Hallowed Be Your Name – What It Means To Hallow God’s Name

Prayer A to Z

cropped-copy-of-northern-lights1.jpg This first petition in the Lord’s Prayer (Matthew 6:9-13) is designed to bring us further into the presence of God, but with the aim that God would be glorified.  Hence, when we pray “Hallowed be Your name,” we are in fact praying as such: “Lord, let Your name be hallowed in me so that I will experience who You are and give You praise; and let Your name be hallowed in my friends so that they also can know You and praise You.”  Therefore, though we are asking God to show Himself to us in all His glory, and though we are seeking to ascend further into the heavenlies to experience the awesomeness of God, the aim is not to get our personal needs met, rather it is that God would be lifted up and glorified.  Hence, in this first petition, Jesus is teaching us that we should start our…

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4 Things that the Lord’s Prayer Address, Our Father in Heaven, Tells Us about Prayer

Prayer A to Z

An excerpt from my book Purpose of Prayer.

The proper way to start any prayer is with an address.  I suppose there are several ways to address God when we pray, but the address in the Lord’s Prayer is the best way—since Jesus gives it to us.  Here are…

Four Things that the Lord’s Prayer Address, Our Father in Heaven, Tells Us about Prayer — Matthew 6:9-13


1.  That prayer is only for Christians.  The words “Our Father” indicate that this prayer and all true prayer is only for those who can truly call God Father. In a general or physical sense, all people can call Him father, because all people were created by Him (Mal. 2:10).  But here, “Father” is used in a spiritual sense (Gal. 4:5-6).  Hence, Jesus teaches us here that only Christians, those adopted into the spiritual family of God, can truly communicate with God…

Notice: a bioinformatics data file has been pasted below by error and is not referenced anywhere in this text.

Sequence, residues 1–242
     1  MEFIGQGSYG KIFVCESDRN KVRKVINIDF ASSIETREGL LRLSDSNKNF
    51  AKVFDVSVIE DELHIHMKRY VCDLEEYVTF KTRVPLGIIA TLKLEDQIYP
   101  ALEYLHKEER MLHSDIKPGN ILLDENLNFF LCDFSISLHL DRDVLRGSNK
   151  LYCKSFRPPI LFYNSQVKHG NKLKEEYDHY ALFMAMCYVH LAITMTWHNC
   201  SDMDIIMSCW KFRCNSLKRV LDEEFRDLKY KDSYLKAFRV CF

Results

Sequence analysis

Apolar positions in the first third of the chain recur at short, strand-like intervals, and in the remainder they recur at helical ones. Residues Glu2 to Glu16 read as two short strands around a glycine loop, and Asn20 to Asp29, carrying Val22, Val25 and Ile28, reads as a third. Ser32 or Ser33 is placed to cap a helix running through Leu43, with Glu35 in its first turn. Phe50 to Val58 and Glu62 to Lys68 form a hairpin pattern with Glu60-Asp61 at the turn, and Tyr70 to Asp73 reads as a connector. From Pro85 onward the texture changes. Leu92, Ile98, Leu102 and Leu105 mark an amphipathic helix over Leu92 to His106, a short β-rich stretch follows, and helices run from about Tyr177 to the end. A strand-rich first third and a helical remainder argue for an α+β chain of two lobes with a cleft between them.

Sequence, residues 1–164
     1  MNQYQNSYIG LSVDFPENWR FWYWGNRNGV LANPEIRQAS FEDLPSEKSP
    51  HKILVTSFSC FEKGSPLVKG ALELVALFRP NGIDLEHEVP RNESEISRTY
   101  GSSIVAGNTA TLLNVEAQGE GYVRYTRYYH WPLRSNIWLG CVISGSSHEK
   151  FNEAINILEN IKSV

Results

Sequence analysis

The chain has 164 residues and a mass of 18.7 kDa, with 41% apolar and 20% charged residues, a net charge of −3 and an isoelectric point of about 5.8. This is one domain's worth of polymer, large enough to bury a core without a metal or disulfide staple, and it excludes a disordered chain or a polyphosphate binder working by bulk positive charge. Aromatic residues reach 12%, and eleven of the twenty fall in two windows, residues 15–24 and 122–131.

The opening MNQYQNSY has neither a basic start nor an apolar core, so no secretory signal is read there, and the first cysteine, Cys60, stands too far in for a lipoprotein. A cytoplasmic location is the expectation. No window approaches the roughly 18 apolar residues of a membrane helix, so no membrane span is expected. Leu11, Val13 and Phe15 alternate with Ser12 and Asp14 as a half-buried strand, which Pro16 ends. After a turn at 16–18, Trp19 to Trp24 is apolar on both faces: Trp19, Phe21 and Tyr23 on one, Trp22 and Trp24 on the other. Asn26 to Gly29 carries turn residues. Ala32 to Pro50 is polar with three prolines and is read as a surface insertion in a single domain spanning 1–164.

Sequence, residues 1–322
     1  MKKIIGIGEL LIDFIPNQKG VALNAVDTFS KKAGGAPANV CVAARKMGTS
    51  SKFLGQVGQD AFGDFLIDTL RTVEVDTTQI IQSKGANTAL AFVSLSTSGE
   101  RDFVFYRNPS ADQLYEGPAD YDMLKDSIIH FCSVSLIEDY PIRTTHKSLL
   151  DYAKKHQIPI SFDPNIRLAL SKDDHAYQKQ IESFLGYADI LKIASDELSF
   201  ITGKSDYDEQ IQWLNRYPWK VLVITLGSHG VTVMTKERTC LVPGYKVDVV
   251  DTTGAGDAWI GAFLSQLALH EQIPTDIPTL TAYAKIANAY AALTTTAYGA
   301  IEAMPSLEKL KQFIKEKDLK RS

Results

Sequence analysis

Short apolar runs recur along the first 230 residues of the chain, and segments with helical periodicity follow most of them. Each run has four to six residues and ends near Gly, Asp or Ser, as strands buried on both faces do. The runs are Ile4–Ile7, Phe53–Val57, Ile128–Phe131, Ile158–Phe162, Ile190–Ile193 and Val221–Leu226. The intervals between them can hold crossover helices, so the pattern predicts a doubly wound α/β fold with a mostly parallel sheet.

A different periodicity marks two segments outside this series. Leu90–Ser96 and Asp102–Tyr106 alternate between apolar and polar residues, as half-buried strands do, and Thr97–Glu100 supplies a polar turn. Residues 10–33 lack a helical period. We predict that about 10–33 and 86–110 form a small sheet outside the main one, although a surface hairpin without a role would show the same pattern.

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4 Things the Lord’s Prayer Teaches Us About Prayer

Prayer A to Z

What the Lord’s Prayer Teaches Us About Prayer — Matthew 6:9-13

1.  It brings to us the way we ought to regard God when we pray.  Hence, when we pray “Our Father” we understand that we ought to regard Him as our father.  Likewise, when we pray “Hallowed be Thy name” we see Him as holy.  When we pray “Your kingdom come” we see Him as a king, our king.  When we pray “Thy will be done” we see Him as our master and teacher.  Then as we pray for daily bread we see Him as our provider.  When we pray for forgiveness we see Him as our savior.  And when we pray for leading and guidance we see Him as our shepherd and protector, the one who goes before us.

2.  It shows us the spirit of true prayer.  At each junction in the prayer Jesus conveys to…

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The Lord’s Prayer (Matthew 6:9-13): Two Sources

Prayer A to Z


Someone once said to me, “None of us really has any original thoughts.  Whatever we think and say and write, we have heard from someone else, or have read it somewhere.”  If we look at Jesus in His humanity, that is also true of Him and of this prayer He has composed.  He got it from other sources, basically from two sources: from Jewish prayers, and from the Old Testament Scriptures.

But we could also look at Jesus from the perspective of His divinity.  That is, since He is really God, He inspired all of the Old Testament writings; and since He created all people, including the Jews, He gave them the words of their prayers.  Hence, all things are really from Him, including this prayer.

It would be good for us to keep this in mind.  However, I would like to look at the prayer from the perspective…

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